Even during times of economic uncertainty, millions of Americans are still generously giving both time and money to non profit and charitable organizations. Thanks to IRS deductions provided by Uncle Sam, charitable contributions can be win-win to both the giver and the recipient.
According to Michelle Musacchio, CPA and owner of Fit Money CPA in Louisville, "When you give to a qualified charity such as the Salvation Army, Humane Society, Goodwill, or your church, depending upon your taxing situation, you may be entitled to a charitable deduction on Schedule A of your individual income tax return."
Here are a few tips from Musachhio to help you qualify for the deduction:
Save the Receipt:
"All qualified charities are required to give you a Receipt for your donation, no matter what the dollar amount," Musacchio says. "You may not take a deduction for cash contributions unless you have this."
Household and Clothing items:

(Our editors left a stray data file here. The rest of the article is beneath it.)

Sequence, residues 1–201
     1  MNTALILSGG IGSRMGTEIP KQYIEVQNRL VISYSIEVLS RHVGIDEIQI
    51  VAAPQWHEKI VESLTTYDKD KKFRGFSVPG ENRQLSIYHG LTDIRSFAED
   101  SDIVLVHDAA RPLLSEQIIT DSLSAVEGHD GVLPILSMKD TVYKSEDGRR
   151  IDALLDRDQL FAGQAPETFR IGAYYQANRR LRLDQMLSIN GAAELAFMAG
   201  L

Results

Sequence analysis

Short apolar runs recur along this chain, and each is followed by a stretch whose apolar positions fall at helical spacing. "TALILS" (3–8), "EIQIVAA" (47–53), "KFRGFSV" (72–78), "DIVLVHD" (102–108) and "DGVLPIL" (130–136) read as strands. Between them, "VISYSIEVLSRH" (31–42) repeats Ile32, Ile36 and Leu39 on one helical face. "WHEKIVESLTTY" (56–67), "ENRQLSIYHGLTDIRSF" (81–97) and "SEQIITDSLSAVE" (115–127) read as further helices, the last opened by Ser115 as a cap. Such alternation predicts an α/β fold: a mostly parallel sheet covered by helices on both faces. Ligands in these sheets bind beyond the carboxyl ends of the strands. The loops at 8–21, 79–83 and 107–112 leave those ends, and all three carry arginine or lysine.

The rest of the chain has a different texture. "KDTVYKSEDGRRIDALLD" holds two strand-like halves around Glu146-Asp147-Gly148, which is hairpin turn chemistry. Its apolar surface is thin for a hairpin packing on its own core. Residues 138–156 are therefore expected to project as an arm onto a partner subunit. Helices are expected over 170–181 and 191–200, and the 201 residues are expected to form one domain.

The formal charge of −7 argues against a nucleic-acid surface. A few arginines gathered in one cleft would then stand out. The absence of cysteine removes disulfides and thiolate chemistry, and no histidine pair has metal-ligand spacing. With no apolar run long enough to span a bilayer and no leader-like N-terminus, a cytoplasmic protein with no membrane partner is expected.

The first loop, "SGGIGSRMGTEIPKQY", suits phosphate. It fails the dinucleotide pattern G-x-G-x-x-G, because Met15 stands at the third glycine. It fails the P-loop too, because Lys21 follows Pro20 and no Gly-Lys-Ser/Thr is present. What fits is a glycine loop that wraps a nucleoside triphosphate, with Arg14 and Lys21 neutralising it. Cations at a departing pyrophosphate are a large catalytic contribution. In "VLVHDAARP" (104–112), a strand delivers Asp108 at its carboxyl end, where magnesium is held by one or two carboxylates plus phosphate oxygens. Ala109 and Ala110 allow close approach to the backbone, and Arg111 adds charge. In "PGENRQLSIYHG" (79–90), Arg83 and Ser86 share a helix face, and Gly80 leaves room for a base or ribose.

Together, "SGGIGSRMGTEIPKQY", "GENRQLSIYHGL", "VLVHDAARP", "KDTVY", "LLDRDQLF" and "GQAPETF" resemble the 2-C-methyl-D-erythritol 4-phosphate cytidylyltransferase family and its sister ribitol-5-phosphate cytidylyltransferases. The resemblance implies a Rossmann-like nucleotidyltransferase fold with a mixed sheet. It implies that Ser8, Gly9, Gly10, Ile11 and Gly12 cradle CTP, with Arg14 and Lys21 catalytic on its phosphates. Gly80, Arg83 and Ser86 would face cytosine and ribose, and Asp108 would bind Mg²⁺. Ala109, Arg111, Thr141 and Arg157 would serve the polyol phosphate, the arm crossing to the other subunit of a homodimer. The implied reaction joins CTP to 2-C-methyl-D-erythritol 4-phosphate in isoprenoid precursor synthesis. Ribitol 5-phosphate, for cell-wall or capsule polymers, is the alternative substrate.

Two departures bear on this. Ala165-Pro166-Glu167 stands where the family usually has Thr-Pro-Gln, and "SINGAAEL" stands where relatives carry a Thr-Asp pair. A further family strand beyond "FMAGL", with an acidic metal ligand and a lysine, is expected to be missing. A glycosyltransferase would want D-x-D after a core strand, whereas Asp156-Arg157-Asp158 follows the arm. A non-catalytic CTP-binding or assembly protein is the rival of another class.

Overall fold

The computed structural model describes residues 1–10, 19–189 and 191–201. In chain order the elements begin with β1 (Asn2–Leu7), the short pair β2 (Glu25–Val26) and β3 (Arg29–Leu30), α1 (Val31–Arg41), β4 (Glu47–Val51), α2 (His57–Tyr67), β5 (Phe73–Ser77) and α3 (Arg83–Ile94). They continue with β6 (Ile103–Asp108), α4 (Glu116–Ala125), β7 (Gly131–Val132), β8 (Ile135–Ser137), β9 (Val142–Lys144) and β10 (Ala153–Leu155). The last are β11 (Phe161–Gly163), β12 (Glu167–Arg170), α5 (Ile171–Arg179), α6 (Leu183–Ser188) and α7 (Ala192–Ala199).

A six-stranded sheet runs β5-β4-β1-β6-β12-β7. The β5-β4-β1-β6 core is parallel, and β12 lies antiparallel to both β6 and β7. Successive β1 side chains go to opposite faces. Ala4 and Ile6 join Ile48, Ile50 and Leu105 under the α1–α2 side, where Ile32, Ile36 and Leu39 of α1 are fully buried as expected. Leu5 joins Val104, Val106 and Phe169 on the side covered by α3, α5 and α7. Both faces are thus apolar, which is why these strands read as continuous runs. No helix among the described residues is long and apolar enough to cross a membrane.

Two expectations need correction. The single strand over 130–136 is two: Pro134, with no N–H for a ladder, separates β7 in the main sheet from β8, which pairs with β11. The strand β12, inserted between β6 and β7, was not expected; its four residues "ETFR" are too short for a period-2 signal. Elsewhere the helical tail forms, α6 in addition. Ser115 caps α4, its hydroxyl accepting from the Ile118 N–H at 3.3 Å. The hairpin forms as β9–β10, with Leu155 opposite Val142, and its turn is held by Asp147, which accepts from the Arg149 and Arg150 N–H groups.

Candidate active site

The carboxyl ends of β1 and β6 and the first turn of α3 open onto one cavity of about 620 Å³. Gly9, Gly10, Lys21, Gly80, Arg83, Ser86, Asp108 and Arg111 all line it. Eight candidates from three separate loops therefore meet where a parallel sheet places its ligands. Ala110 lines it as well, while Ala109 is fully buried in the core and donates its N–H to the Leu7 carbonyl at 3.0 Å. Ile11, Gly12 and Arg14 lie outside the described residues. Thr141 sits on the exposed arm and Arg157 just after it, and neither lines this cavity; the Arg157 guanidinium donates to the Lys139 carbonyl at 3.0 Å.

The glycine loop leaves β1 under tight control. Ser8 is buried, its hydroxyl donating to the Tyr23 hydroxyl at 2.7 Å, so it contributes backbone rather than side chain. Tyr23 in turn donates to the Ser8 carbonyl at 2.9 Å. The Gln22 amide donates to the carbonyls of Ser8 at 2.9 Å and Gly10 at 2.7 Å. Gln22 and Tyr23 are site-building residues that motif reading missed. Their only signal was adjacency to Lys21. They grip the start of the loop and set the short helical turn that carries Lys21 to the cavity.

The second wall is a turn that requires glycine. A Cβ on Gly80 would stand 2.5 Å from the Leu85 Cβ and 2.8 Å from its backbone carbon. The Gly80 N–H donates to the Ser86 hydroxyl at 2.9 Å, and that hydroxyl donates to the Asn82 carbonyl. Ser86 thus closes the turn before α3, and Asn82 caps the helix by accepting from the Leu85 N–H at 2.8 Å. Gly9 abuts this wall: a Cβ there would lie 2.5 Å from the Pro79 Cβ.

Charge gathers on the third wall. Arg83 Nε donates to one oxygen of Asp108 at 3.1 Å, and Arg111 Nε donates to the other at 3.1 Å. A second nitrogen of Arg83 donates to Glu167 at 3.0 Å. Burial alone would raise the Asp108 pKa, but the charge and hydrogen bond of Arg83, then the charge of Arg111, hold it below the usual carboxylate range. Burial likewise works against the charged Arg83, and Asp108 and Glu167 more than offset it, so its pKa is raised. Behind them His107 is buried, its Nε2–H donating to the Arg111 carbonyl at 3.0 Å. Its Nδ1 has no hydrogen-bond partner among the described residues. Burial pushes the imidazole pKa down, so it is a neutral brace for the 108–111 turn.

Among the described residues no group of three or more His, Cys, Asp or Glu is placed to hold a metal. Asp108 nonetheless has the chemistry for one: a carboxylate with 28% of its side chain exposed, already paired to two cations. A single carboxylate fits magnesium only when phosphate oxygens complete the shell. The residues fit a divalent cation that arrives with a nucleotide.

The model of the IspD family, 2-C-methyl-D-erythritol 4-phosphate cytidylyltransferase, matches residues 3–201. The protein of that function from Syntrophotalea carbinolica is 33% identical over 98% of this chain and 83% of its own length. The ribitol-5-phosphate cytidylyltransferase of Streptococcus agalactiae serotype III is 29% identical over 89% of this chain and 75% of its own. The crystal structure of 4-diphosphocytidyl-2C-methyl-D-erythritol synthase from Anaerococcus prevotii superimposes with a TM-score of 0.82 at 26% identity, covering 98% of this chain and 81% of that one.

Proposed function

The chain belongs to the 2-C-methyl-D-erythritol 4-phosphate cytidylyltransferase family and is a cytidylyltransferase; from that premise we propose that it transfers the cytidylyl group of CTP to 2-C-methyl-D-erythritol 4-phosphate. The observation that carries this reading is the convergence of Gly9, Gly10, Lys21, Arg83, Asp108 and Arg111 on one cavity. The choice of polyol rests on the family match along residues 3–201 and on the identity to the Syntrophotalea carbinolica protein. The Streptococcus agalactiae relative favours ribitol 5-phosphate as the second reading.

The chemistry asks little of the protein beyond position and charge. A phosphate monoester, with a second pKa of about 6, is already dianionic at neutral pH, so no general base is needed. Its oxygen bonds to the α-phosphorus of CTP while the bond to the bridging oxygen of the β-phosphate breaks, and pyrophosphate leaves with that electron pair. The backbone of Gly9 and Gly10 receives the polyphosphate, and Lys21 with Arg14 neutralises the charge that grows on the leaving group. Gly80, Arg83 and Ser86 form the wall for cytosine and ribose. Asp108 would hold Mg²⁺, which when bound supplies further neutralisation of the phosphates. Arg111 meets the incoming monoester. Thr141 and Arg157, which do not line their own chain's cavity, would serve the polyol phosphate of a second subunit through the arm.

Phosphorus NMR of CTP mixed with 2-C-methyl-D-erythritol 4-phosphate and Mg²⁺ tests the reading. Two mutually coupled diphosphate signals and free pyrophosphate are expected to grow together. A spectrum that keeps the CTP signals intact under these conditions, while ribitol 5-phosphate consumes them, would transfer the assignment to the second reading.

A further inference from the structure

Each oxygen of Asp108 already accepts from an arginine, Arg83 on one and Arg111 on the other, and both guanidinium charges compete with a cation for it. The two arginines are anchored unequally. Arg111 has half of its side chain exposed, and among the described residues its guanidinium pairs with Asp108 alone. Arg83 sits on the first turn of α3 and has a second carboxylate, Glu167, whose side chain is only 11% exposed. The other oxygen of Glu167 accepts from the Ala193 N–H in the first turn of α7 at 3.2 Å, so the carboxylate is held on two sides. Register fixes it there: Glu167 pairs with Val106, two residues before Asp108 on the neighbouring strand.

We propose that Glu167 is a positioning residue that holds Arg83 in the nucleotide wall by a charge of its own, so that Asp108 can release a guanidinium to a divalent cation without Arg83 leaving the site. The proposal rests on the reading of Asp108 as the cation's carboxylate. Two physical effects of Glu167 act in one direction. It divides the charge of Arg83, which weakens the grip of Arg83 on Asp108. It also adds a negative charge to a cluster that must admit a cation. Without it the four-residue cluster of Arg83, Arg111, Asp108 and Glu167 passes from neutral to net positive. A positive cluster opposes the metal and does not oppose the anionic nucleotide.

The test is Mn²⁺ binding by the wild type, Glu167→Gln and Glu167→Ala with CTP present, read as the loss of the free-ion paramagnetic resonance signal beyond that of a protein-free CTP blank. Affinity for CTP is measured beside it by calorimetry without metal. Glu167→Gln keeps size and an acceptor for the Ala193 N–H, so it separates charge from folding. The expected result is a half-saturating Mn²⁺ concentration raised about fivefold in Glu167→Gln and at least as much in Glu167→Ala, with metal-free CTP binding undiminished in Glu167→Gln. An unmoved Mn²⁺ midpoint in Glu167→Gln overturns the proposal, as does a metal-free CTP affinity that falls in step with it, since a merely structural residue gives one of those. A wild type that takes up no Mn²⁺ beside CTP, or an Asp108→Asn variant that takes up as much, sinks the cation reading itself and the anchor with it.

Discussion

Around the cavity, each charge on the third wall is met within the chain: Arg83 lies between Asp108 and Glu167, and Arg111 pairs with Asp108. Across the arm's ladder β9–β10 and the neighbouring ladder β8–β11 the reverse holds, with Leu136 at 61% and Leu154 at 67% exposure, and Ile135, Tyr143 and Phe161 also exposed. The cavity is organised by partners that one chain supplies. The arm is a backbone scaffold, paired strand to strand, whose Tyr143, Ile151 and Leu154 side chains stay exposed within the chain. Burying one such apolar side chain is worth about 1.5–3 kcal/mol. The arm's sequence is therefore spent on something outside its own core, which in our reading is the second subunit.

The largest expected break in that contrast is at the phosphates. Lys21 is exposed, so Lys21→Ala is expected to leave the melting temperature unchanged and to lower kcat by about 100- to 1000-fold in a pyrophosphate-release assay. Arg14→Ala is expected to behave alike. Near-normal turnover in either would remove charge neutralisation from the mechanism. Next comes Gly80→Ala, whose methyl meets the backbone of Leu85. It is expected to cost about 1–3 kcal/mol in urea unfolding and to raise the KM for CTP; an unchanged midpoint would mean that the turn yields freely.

"You need a receipt for these items as well," Musacchio mentions. "But also, the items should be in good condition to be donated. Clothes should not be wholly and household items must be usable-not junk." Without a receipt, it might cause a red flag to the IRS.
What about my time?
While it's admirable to donate precious time to any organization, "you are unable to take a charitable deduction for your time or services rendered," she notes. "But you may take a charitable deduction for mileage driven for charitable purposes and out of pocket expenses." Once again, you must show record of these expenses through receipts and mileage logs.
Here are some other Tax Tips for 2009.